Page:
Inertia

Inertia . Property of a physical or social system that makes it oppose possible changes. In physics it is said that a system has more inertia when it is more difficult to achieve a change in its physical state.

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Summary

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  • 1 Definition
  • 2 Inertia as property of Matter
  • 3 Examples of Inertia
  • 4 Sources

Definition

Property of a physical or social system that makes it oppose possible changes. In physics it is said that a system has more inertia when it is more difficult to achieve a change in its physical state. The two most frequent uses in physics are mechanical inertia and thermal inertia. The first of these appears in mechanics and is a measure of difficulty in changing the state of movement or rest of a body. Mechanical inertia depends on the amount of mass and the inertia tensor. Thermal inertia measures the difficulty with which a body changes its temperature when in contact with other bodies or being heated. Thermal inertia depends on the amount of mass and the heat capacity.

Inertia as property of Matter

Inertia, property of matter that makes it resist any change in its movement, either in direction or speed . This property is accurately described in British scientist Isaac Newton’s first law of motion: an object at rest tends to remain at rest, and a moving object tends to continue to move in a straight line, unless a force acts on them. external.

Example of inertia

For example, passengers in an accelerating car feel the force of the seat against their backs, which overcomes their inertia and increases their speed. When it brakes, passengers tend to keep moving and are thrown forward. If you make a turn, a package placed on the seat will move laterally, because the inertia of the package makes it tend to keep moving in a straight line.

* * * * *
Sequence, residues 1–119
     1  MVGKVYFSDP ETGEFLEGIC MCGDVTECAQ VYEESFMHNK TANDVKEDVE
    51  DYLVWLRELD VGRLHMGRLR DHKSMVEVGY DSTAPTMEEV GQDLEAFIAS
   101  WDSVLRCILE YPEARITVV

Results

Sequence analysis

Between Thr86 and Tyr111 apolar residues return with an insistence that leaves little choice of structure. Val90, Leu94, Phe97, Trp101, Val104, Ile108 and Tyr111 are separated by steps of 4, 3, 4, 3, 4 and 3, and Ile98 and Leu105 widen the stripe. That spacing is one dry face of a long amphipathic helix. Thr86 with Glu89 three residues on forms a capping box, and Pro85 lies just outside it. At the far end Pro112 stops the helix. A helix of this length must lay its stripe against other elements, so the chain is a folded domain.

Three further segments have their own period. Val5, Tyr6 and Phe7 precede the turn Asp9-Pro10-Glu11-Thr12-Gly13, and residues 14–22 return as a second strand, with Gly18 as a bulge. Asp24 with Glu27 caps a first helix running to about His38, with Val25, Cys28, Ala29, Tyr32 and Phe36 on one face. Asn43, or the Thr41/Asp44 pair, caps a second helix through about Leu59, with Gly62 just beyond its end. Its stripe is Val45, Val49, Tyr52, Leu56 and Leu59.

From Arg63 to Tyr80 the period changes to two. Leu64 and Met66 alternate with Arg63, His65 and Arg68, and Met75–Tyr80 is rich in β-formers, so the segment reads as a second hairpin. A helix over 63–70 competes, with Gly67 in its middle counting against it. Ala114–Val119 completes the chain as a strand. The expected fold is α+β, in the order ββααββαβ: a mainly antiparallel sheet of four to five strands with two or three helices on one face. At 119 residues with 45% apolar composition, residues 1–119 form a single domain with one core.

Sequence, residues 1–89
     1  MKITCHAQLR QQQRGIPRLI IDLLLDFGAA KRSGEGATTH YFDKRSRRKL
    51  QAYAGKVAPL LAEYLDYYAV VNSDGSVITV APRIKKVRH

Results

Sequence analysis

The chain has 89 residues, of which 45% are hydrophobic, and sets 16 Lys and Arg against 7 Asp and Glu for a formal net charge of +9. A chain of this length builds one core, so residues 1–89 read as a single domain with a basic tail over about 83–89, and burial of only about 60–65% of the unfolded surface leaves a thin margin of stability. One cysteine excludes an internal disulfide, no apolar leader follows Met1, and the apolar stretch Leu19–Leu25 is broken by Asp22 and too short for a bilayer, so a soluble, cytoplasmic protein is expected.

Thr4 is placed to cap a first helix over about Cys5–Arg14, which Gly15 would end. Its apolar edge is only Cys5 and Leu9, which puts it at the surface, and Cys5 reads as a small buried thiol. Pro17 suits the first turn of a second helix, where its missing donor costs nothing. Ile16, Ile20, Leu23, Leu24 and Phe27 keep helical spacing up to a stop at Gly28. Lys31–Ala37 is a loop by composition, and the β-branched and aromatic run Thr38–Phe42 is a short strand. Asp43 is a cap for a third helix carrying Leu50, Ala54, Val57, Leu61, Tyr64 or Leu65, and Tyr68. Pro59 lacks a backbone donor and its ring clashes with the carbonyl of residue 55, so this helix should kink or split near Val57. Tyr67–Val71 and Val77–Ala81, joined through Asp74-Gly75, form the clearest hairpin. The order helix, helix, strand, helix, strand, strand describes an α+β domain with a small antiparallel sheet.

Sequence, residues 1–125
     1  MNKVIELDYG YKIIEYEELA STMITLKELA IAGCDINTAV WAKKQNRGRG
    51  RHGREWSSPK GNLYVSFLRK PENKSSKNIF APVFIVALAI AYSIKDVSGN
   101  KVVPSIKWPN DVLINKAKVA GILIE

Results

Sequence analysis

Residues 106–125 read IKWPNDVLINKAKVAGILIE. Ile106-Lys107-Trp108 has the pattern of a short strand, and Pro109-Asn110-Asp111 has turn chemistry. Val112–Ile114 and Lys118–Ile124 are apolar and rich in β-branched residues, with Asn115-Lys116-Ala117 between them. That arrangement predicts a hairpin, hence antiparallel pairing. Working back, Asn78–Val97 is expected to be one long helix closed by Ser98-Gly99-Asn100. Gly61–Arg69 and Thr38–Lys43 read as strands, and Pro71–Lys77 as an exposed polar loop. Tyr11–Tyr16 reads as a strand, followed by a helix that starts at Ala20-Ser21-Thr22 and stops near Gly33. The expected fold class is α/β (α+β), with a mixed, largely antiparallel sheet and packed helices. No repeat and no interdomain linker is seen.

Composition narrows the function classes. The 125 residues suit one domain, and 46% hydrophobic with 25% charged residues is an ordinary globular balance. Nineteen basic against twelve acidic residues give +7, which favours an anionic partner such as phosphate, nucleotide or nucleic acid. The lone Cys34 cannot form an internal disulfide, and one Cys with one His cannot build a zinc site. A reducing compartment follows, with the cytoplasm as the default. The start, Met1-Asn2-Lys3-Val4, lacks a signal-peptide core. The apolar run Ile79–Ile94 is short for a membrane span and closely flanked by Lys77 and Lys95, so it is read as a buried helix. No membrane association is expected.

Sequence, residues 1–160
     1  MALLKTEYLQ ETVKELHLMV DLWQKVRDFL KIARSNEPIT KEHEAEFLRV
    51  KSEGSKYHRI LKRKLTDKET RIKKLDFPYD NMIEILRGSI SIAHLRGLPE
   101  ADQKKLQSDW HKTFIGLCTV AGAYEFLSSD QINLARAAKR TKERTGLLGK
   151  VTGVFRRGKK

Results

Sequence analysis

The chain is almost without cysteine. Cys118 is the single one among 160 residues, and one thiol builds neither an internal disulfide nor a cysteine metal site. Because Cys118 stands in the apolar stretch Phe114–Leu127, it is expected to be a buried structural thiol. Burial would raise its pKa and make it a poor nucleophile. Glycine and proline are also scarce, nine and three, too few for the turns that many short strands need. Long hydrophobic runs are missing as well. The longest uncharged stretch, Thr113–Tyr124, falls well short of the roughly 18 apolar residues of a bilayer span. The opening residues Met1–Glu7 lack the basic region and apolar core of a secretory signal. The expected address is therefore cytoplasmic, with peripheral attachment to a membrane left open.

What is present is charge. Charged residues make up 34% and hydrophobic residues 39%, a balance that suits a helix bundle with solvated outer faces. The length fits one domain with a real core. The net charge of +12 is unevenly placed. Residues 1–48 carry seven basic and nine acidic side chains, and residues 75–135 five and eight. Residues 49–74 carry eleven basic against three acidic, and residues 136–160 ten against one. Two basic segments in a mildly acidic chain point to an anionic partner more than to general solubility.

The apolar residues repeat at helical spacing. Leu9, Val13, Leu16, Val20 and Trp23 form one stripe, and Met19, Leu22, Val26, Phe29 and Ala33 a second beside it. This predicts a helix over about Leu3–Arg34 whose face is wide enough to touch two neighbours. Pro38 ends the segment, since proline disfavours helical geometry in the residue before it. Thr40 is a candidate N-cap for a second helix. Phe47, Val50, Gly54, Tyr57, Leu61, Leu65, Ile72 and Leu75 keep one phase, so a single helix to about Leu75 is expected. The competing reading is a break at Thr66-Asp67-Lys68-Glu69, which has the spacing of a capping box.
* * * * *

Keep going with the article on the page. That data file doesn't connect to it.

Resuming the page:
Examples of Inertia

Any body that rotates around an axis exhibits inertia to rotation, that is, a resistance to change its speed of rotation and the direction of its axis of rotation. The inertia of an object to rotation is determined by its moment of inertia. Changing the rotational speed of an object with a high moment of inertia requires a greater force than if the object has a low moment of inertia. The flywheel located on the crankshaft of automobile engines has a high moment of inertia. The motor supplies power to blows; the high inertia of the steering wheel cushions those blows and makes the power transmit to the tires smoothly.

The inertia of an object to translation is determined by its mass. The second law of Newton states that the force acting on an object is equal to the mass of the object multiplied by the acceleration experienced. Therefore, if a force causes an object to undergo a certain acceleration , a greater force will have to be applied to make an object with greater mass undergo the same acceleration. For example, to be able to drag a shoe box or a package with several of these boxes on the same pavement, and with the same speed, it will be necessary to apply a greater force to the package, since it has more inertia. (See Speed).

 

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